Oil in the environment
The elements which evaporate during the first few hours and are photo-oxidised
or biodegraded before and during operations represent between 30 and 50%
of a crude oil spill.
Containment and recovery operations at sea and onshore help recover around 20% of the remaining pollutant, or 40% at the very best.
It can be deduced therefore that at least a third and in some cases up to half, of the volume of crude oil spilled subsists in the environment. It does so in three forms: dissolved for a small part made up of the soluble compounds, settled on the seafloor and adsorbed by the sediments for the heavy compounds, and in the form of particles for the rest.
This oil which is missing from response calculations is therefore not in the form of a large, thick, continuous slick drifting under the surface and threatening the shoreline. Rather, the initial slicks are scattered by the swell, wind and currents.
Persistence of heavy fuel oil on the shoreline
One of the general public’s main concerns in the aftermath of the Erika was the persistence of fuel oil which had not been removed from the shoreline.
As it was a substance with very low biodegradability, there was a risk of finding it years later. The subject was therefore broached in the follow-up programme of ecological and ecotoxicological consequences of the oil spill (www.suivi-erika.info).
Studies showed that 3 years after the incident residual fuel oil remained on rocks in the form of thin layers, broken down on average by 66%, and in the form of patties and crusts, on average 55% broken down, with noticeable variations
in the environment. Within riprap where the fuel oil was sheltered from light, it remained viscous, broken down by less than 20 %.
The break down of the fuel oil, as expected, was very low. However, there was significant photo-degradation where the oil was exposed to solar rays, in particular in fine layers.
It would have been far different if the Erika had been carrying a light product: little to no pollution would have remained on the shoreline after 1 year.
This weathered oil interferes with species and ecosystems by a simple mechanical
effect, like asphalt debris from roads being swept away by a flood and dispersed
in the natural environment.
In large quantities in the sand on a beach, or the mud of a marsh, weathered oil can affect seasonal beach growth and depletion cycles, causing localised effects on the wildlife.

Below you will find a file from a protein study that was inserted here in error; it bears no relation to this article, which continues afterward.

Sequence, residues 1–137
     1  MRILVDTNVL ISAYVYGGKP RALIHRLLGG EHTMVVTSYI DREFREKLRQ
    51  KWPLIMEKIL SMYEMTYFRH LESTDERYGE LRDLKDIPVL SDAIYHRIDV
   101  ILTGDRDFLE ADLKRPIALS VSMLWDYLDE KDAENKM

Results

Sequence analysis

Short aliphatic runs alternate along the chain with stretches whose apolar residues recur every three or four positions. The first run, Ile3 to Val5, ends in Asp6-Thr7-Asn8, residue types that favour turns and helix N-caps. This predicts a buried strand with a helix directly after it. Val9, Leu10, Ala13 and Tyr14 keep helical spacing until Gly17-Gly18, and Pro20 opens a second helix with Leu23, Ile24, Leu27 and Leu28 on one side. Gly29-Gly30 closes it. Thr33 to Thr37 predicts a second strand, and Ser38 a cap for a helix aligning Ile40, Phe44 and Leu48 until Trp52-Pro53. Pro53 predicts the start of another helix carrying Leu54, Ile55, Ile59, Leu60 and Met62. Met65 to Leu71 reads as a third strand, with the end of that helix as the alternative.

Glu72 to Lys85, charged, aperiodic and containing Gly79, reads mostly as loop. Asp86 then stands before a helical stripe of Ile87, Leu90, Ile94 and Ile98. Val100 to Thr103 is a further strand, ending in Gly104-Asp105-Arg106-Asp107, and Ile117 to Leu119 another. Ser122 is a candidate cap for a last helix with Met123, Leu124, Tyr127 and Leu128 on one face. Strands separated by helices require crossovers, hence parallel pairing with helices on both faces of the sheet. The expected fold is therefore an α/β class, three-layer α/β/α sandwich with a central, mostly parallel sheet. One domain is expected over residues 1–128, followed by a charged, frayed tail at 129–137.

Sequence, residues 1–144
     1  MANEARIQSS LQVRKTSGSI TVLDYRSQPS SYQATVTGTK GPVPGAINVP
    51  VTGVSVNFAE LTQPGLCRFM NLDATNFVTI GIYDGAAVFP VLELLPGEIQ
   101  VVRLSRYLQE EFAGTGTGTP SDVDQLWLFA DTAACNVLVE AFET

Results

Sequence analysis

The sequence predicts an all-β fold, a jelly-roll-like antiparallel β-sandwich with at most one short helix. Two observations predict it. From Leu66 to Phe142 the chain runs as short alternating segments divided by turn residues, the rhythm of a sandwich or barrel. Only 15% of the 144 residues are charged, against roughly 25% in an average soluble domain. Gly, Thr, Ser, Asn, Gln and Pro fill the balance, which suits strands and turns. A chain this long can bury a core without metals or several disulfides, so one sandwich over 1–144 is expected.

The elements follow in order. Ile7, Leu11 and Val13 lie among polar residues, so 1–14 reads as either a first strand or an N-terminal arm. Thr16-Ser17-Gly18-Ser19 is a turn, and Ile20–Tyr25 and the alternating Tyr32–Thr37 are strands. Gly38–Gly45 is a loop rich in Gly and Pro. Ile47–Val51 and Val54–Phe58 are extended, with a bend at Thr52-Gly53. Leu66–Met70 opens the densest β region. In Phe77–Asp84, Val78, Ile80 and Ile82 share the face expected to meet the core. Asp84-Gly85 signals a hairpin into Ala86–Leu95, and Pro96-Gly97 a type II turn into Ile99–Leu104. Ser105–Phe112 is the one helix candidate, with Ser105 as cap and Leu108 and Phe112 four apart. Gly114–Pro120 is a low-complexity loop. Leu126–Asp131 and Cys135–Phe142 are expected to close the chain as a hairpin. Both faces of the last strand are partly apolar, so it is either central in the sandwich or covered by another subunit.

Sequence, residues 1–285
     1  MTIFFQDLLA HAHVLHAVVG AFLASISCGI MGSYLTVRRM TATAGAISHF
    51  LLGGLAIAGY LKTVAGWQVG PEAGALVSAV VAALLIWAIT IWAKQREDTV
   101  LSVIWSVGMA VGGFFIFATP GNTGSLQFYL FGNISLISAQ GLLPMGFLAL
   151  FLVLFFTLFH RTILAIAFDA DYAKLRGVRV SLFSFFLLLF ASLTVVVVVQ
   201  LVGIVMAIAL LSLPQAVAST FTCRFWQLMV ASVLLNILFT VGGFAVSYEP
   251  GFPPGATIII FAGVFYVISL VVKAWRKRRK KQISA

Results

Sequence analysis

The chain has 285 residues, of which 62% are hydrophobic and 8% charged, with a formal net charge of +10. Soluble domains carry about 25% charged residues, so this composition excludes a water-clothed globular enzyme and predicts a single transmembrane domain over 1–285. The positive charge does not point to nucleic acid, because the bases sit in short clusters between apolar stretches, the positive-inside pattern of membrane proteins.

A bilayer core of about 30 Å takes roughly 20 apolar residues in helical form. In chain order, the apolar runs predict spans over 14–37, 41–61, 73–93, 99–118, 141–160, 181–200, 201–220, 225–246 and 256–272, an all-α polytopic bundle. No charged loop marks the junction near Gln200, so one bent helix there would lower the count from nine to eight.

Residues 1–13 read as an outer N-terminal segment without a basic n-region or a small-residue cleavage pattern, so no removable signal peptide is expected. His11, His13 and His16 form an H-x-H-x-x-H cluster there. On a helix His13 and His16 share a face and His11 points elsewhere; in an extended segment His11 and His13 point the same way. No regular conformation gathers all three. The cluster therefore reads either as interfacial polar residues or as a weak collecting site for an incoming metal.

The dissolved fraction, droplets adsorbed by the sediments, as well as particles in suspension can still contain perceptible proportions of aromatic compounds, with non negligible toxicity. It is these elements in particular which could contaminate organisms in the long term, by breaking down respiratory and digestive cells, in particular in organisms which filter the water or sediments. If hydrocarbons in suspension subsist in large quantities, they can prolong abnormal concentrations in shellfish, causing their collection to be banned.
Residual fuel oil from the Erika on a bed of vegetated stones
Oiled slabs of granite for a study of oil persistence on rocky substrates
At this stage, natural and chemical dispersion has begun its work. The
oil, freed of its evaporable and rapidly photo-oxidisable and biodegradable
components, is fragmented into scattered patties, tar
balls and particles.
Certain slicks drift in the open sea, out of reach of recovery operations at sea. Others are beached, covered by sediment or forgotten, deliberately or otherwise, by shoreline clean-up operators. In this case, the oil is weathered, semi-solid to solid and mainly made up of asphaltenes - non toxic, long-chain hydrocarbons.
Dramatic media representation of spills can fuel public worries about the risk of contamination of organisms in the long run:
• fear of alterations in behaviour, metabolism, growth and reproductive faculties of plants and animals which come into contact with the oil
• fear of bioaccumulation of certain hydrocarbons, causing an amplifying effect in the food chain, eventually reaching consumers of sea produce
• fear of development of benign or malignant tumours in the organisms affected and their descendants
• fear of potential chromosomal aberrations liable to affect future generations
• fear of long term impact on the health of operators participating in shoreline clean-up and bird rescue.
Scientific compilations like those on page 95 provide objective answers to those worries, but they do so in words more suitable for scientists that for the general public. During the crisis, that information must be translated into easily understandable answers, specially adapted to the incident concerned and provide in real time. Whenever there is a recognised risk, in-depth studies should subsequently be implemented.